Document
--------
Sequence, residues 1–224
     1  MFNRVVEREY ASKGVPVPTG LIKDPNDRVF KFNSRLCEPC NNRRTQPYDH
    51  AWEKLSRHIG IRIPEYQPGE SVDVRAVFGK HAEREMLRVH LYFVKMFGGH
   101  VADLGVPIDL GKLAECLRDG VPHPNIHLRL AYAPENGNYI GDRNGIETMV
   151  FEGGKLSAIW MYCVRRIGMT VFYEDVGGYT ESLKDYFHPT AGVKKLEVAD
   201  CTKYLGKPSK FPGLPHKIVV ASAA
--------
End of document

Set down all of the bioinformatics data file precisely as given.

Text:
Sequence, residues 1–224
     1  MFNRVVEREY ASKGVPVPTG LIKDPNDRVF KFNSRLCEPC NNRRTQPYDH
    51  AWEKLSRHIG IRIPEYQPGE SVDVRAVFGK HAEREMLRVH LYFVKMFGGH
   101  VADLGVPIDL GKLAECLRDG VPHPNIHLRL AYAPENGNYI GDRNGIETMV
   151  FEGGKLSAIW MYCVRRIGMT VFYEDVGGYT ESLKDYFHPT AGVKKLEVAD
   201  CTKYLGKPSK FPGLPHKIVV ASAA